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Gérard, Martine; Person, Alain (1994): Geochemistry of volcanivlastic sediments of ODP Sites 134-832 and 134-833. PANGAEA,, Supplement to: Gérard, M; Person, A (1994): Low hydrothermal impact in volcaniclastic sediments of the North Aoba Basin: Sites 832 and 833. In: Green, HG; Collot, J-Y; Stokking, LB; et al. (eds.), Proceedings of the Ocean Drilling Program, Scientific Results, College Station, TX (Ocean Drilling Program), 134, 131-176,

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Volcaniclastic sediments of North Aoba Basin (Vanuatu) recovered during Ocean Drilling Program (ODP) Leg 134 show a mineralogical and chemical overprint of low grade hydrothermal alteration superimposed on the primary magmatic source compositions. The purpose of this study was to identify authigenic mineral phases incorporated in the volcaniclastic sediments, to distinguish authigenic chemical and mineralogical signals from the original volcaniclastic mineralogical and chemical compositions, and to determine the mechanism of authigenic minerals formation.
Mineralogical, micro-chemical and bulk chemical analyses were utilized to identify and characterize authigenic phases and determine the original unaltered ash compositions. 117 volcaniclastic sediment samples from North Aoba Basin Sites 832 and 833 were analyzed. Primary volcaniclastic materials accumulated in North Aoba Basin can be divided into three types. The older basin-filling sequences show three different magmatic trends: high K, calc-alkaline, and low K series. The most recent accumulations are rhyodacitic composition and can be attributed to Santa Maria or Aoba volcanic emissions.
Original depositional porosity of volcaniclastic sediments is an important factor in influencing distribution of authigenic phases. Finer-grained units are less altered and retain a bulk mineralogical and chemical composition close to the original pyroclastic rock composition. Coarser grained units (microbreccia and sandstones) are the major hosts of authigenic minerals. At both sites, authigenic minerals (including zeolites, clay minerals, Mg-carbonates, and quartz) exhibit complex zonation with depth that crosses original ash depositional boundaries and stratigraphic limits. The zeolite minerals phillipsite and analcime are ubiquitous throughout the altered intervals. At Site 832, the first zeolite minerals (phillipsite) occur in Pleistocene deposits as shallow as 146 meters below seafloor (mbsf). At Site 833 the first zeolite minerals (analcime) occur in Pleistocene deposits as shallow as 224 mbsf. The assemblage phillipsite + analcime + chabazite appears at 635 mbsf (Site 832) and at 376 mbsf (Site 833). Phillipsite + analcime + chabazite + thomsonite + heulandite are observed between 443 and 732 mbsf at Site 833. Thomsonite is no longer observed below 732 mbsf at Site 833. Heulandite is present to the base of the sections cored. The zeolite assemblages are associated with authigenic clay minerals (nontronite and saponite), calcite, and quartz. Chlorite is noticeable at Site 832 as deep as 851 mbsf. Zeolite zones are present but are less well defined at Site 832. Dolomite and rare magnesite are present below 940 m at Site 832.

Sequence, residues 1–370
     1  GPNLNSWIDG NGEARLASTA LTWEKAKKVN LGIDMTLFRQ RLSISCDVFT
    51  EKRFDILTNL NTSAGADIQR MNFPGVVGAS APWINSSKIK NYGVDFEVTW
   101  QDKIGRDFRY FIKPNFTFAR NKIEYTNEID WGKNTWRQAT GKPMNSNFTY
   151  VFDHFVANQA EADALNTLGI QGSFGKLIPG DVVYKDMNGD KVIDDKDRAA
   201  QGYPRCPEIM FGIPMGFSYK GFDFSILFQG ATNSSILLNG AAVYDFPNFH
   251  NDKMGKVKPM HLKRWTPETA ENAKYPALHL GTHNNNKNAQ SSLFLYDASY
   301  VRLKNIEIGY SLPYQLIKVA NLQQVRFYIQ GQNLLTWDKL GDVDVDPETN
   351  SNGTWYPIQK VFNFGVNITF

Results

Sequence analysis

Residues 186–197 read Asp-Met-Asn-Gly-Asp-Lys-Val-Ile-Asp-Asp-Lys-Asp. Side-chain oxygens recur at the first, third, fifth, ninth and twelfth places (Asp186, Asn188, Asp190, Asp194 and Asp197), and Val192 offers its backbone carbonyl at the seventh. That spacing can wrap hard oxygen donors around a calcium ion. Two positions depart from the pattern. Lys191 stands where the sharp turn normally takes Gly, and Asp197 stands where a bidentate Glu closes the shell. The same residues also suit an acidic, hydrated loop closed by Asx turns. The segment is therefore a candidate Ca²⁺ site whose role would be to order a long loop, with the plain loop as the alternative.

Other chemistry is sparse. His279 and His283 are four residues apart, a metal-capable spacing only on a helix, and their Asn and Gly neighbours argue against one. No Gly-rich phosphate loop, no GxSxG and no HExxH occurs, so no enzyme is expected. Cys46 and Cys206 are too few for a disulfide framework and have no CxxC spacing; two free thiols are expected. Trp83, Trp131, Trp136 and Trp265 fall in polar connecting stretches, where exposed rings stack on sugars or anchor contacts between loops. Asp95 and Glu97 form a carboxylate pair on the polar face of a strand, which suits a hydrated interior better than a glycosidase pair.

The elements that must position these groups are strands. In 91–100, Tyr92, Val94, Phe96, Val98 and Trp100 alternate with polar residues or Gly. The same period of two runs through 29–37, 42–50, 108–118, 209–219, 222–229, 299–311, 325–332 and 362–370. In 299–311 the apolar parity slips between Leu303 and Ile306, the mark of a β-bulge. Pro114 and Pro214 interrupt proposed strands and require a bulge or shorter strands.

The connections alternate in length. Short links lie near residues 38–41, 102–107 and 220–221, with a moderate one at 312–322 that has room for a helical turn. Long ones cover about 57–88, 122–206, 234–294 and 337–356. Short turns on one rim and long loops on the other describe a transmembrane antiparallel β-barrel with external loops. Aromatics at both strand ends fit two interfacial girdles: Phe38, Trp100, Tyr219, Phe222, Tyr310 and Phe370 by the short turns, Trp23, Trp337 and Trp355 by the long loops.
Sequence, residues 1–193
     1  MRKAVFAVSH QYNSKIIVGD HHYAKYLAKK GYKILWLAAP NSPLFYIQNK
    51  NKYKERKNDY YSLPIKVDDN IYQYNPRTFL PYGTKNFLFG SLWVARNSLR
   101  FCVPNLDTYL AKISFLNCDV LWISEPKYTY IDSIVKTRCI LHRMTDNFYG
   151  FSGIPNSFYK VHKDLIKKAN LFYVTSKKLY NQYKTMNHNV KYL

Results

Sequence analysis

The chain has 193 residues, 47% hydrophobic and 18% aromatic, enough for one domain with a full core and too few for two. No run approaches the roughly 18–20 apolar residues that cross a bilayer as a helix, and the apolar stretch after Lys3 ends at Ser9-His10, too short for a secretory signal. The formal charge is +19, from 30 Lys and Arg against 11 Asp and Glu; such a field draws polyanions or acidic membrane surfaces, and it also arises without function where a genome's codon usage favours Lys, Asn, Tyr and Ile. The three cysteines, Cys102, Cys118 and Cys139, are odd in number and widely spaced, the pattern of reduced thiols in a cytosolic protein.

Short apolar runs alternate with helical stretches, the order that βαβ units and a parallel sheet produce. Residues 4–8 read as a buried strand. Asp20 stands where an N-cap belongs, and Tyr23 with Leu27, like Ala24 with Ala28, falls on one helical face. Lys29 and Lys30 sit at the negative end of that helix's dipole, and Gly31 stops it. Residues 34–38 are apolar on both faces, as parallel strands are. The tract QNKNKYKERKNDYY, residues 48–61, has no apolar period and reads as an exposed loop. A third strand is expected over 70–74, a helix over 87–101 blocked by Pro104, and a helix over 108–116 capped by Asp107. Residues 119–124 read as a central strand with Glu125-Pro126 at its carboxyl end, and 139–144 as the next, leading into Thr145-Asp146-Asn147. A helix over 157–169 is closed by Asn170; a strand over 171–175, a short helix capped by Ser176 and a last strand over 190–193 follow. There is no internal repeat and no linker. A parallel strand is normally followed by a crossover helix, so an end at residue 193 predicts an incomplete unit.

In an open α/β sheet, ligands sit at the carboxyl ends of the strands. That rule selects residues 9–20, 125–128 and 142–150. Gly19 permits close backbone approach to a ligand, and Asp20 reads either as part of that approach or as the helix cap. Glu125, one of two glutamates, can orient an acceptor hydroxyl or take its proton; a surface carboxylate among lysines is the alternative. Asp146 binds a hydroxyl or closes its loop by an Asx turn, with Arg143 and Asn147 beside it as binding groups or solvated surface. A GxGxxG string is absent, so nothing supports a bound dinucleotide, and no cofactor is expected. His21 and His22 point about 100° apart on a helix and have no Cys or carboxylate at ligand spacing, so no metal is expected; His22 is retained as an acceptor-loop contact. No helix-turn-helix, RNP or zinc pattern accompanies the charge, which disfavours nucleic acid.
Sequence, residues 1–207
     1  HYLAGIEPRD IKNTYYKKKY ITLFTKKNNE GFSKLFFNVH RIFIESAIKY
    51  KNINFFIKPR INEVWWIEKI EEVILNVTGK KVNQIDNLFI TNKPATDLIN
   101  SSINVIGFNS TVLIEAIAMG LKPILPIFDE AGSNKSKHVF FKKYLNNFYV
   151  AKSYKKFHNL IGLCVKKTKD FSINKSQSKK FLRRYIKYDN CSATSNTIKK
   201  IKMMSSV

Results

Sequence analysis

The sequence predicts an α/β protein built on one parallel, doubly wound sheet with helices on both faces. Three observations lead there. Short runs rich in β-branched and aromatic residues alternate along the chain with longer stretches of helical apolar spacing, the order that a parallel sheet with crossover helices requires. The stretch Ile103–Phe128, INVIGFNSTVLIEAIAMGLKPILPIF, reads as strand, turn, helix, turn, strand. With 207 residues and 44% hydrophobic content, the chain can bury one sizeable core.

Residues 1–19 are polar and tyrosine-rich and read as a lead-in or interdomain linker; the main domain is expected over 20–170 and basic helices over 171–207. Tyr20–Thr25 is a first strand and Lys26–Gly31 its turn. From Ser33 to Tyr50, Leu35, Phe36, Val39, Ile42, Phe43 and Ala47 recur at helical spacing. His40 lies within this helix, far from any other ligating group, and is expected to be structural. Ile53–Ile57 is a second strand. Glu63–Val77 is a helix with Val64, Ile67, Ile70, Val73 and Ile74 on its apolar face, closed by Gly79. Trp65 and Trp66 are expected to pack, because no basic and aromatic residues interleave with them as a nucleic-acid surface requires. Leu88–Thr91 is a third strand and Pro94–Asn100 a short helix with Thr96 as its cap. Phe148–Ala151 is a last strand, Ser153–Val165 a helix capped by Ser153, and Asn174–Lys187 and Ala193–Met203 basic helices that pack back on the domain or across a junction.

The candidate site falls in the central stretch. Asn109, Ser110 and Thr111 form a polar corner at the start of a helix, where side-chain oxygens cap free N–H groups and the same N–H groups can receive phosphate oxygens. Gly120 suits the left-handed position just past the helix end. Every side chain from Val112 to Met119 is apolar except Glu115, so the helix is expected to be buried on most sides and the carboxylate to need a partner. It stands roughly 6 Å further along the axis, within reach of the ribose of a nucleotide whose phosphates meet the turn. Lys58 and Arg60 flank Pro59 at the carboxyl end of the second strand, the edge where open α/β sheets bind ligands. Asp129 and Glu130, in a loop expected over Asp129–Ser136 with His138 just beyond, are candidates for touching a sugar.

The coarse-grained authigenic mineral host intervals exhibit geochemical signatures that can be attributed to low grade hydrothermal alteration. The altered intervals show evidence of K2O, CaO, and rare earth elements mobilization. When compared to fine-grained, unaltered units, and to Santa Maria Island volcanics rocks, the altered zones are relatively depleted in rare earth elements, with light rare earth elements-heavy rare earth elements fractionation.
Drilling at Site 833 penetrated a sill complex below 840 m. No sill was encountered at Site 832. Complex zonation of zeolite facies, authigenic smectites, carbonates and quartz, and associated geochemical signatures are present at both sites. The mineralogical and chemical alteration overprint is most pronounced in the deeper sections at Site 832. Based on mineralogical and chemical evidence at two locations less than 50 km apart, there is vertical and lateral variation in alteration of the volcaniclastic sediments of North Aoba Basin. The alteration observed may be activated by sill intrusion and associated expulsion of heated fluids into intervals of greater porosity. Such spatial variation in alteration could be attributed to the evolution of the basin axis associated with subduction processes along the New Hebrides Trench.
Median Latitude: -14.831259 * Median Longitude: 167.708307 * South-bound Latitude: -14.876000 * West-bound Longitude: 167.573000 * North-bound Latitude: -14.796000 * East-bound Longitude: 167.880000
Date/Time Start: 1990-11-21T06:45:00 * Date/Time End: 1990-12-14T00:30:00
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